White House nominates 10 for US Marshals, US attorney posts

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FILE - Minneapolis police Lt. Eddie Frizell talks Aug. 3, 2007 about his experiences as a first responder at the Interstate 35W bridge collapse into the Mississippi River in Minneapolis. Frizell is a well-known figure in Minnesota law enforcement, having served as chief of the Metro Transit Police Department in the Minneapolis and St. Paul area since 2019. The Biden administration is nominating its first set of U.S. Marshals, including Frizell the first Black man to serve as the U.S. Marshal in Minnesota, along with a slate of other historic firsts for U.S. attorney posts across the nation. (AP Photo/Jim Mone, File)

WASHINGTON (AP) — The Biden administration is nominating its first set of U.S. Marshals, including the first Black man to serve as the U.S. Marshal in Minnesota, along with a slate of other historic firsts for U.S. attorney posts across the nation.

The nomination of Eddie Frizell to be the U.S. Marshal in the District of Minnesota comes months after two sheriff’s deputies shot and killed a Black man in Minneapolis while assigned to a Marshals Service fugitive task force, sparking controversy about how the Justice Department was implementing its policy on body-worn cameras.

The shooting of Winston Boogie Smith Jr. in June sparked nights of protest in a city still reeling from the death of George Floyd. The officers, deputies from local sheriff’s offices who work on the federal fugitive task force, were not wearing body cameras. Issues with local officers being prohibited from wearing body cameras has led some local police departments in Minnesota to pull their officers from federal task forces.

Frizell is a well-known figure in Minnesota law enforcement, having served as chief of the Metro Transit Police Department in the Minneapolis and St. Paul area since 2019. Before taking that position, he was a longtime police official in Minneapolis, serving in various positions, including as deputy chief of patrol, and as an inspector.

Andrew Luger, a former Obama-era U.S. attorney and partner at the law firm Jones Day, is being nominated to be U.S. attorney in Minnesota. Luger had previously served in the role as U.S. attorney in Minnesota from 2014 until 2017 and previously worked as a federal prosecutor in Minnesota and New York.

The White House is also nominating the first Black women to serve as U.S. attorneys in the Northern District of Ohio and the Eastern District of Michigan. And it will nominate the first Black men to serve as U.S. attorneys in Nevada and in the Middle District of Louisiana.

The Justice Department’s 93 U.S. attorneys, who are responsible for federal criminal prosecutions in their respective districts, are likely to be central to efforts to combat violent crime.

The candidates were “chosen for their devotion to enforcing the law, their professionalism, their experience and credentials in this field, their dedication to pursuing equal justice for all, and their commitment to the independence of the Department of Justice,” the White House said.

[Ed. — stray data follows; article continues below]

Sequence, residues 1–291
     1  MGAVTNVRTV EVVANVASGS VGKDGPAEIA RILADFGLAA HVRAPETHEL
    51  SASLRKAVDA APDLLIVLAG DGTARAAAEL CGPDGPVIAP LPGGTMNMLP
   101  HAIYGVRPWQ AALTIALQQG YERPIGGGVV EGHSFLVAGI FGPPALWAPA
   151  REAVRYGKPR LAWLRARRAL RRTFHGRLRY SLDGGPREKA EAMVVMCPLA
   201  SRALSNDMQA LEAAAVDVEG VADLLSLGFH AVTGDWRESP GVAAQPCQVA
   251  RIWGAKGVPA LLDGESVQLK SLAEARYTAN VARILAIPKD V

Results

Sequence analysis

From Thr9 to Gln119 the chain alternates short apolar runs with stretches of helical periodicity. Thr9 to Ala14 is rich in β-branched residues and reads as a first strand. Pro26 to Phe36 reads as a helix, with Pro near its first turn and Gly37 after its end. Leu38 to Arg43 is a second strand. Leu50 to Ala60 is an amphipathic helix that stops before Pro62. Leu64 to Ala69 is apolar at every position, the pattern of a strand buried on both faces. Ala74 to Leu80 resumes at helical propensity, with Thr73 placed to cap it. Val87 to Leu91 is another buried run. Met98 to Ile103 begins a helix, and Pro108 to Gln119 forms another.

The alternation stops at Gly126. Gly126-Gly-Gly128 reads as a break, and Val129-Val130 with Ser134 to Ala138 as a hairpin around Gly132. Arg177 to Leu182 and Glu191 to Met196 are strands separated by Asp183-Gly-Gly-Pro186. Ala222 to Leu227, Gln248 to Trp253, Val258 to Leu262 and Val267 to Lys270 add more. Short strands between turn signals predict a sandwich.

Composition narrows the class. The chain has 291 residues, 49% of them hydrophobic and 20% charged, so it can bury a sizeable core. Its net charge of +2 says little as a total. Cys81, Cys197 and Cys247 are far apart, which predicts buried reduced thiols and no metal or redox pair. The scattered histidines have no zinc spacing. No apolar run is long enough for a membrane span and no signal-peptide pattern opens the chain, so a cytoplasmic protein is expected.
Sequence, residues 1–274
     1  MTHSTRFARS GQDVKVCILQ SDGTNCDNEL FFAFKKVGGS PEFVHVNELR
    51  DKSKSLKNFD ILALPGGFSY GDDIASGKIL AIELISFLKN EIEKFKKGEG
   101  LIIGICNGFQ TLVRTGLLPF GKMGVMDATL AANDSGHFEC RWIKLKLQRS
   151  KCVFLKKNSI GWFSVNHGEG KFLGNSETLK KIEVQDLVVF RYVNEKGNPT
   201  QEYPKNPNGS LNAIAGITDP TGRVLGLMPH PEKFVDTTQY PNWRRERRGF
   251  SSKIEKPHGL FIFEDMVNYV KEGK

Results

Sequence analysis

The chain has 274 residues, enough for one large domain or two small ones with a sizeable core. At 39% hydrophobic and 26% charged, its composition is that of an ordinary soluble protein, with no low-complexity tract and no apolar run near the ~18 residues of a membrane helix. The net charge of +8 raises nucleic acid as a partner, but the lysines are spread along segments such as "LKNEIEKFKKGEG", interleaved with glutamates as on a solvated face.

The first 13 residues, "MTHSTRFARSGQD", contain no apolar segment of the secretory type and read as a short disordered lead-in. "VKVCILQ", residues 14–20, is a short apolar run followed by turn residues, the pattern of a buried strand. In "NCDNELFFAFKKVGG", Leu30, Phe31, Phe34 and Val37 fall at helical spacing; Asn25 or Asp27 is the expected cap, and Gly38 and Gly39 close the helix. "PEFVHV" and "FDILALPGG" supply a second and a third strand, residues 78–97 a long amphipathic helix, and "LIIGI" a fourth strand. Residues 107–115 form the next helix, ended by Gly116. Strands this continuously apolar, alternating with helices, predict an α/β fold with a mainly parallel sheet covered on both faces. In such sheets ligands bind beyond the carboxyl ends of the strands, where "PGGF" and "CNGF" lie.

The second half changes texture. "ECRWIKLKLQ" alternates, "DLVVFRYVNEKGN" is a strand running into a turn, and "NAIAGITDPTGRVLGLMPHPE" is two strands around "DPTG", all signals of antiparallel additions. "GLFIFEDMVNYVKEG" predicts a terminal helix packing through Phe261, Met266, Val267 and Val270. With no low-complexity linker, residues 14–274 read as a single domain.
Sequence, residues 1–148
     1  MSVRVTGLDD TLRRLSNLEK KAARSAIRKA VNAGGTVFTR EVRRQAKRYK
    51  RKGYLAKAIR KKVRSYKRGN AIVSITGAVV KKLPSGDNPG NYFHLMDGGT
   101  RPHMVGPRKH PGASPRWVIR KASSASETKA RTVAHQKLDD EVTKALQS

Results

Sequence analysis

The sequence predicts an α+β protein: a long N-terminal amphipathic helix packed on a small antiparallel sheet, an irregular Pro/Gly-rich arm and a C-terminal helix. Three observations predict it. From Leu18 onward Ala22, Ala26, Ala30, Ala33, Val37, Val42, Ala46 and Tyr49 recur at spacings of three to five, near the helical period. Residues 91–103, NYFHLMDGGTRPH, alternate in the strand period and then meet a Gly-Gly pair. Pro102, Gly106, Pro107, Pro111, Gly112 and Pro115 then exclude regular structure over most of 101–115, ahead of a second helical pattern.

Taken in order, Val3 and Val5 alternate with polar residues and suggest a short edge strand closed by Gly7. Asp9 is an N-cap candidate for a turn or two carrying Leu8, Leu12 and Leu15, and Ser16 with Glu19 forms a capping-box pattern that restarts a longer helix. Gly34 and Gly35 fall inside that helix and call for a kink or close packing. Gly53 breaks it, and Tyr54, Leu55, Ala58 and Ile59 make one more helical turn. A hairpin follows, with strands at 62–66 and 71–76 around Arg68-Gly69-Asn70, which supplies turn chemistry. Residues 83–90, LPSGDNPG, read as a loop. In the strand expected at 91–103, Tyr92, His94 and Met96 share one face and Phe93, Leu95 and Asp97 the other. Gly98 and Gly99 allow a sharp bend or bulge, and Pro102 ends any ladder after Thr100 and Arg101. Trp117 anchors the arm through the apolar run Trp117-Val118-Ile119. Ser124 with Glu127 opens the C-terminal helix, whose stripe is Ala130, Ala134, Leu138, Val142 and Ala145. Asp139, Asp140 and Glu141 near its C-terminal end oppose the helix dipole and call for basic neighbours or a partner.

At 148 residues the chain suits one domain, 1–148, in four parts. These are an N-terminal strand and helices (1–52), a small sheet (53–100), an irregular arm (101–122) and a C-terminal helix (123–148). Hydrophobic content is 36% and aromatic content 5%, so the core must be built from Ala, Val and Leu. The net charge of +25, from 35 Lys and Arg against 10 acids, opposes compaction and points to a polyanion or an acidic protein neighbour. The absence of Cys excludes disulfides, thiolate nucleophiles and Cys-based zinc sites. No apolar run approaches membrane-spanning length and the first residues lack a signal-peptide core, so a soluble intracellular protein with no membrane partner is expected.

Biden has now nominated 37 people to serve as U.S. attorneys, positions that have been filled for months by acting U.S. attorneys.

Nevada Assembly Speaker Jason Frierson is being nominated to be the U.S. attorney in that state. Frierson has served in the state Assembly since 2010 and also works as an assistant public defender in Clark County, Nevada, the county home to Las Vegas. Frierson was elected to his current Assembly run in 2016 after previously serving from 2011 to 2014. He has been the speaker of the lower chamber since 2016.

In Michigan, the White House has nominated Mark Totten to be U.S. attorney for the Western District of Michigan. Totten, a former law school professor, has served as Chief Legal Counsel for Michigan Gov. Gretchen Whitmer since 2019. He is also a former federal and local prosecutor. And in the Eastern District of Michigan, officials are nominating Dawn Ison, who has served as an assistant U.S. attorney in the office since 2002.

The other nominees include Brandon Brown, an assistant U.S. attorney in the Western District of Louisiana, to run that office, and Ronald Gathe, Jr., to be the U.S. Attorney for the Middle District of Louisiana. Gathe is the chief of trials for the 18th Judicial District Attorney’s Office in Louisiana and previously served as an assistant district attorney. He previously worked in private practice and is also the Vice President of Membership for the National Black Prosecutors Association, helping to establish the first and only chapter in Louisiana.

The White House will also nominate Ryan Buchanan to be the U.S. attorney in the Northern District of Georgia, where he has worked as an assistant U.S. attorney and deputy chief of the office’s Violent Crime and National Security Section. And officials are also announcing the nomination of Marisa Darden to be U.S. attorney in the Northern District of Ohio, where she worked as a prosecutor from 2014 until 2019.

The White House is also announcing it is nominating LaDon Reynolds to serve as U.S. Marshal in the Northern District of Illinois, which includes Chicago. Reynolds is the police chief of the Oak Park Police Department in Illinois. The longtime officer also serves as the department’s emergency preparedness coordinator.

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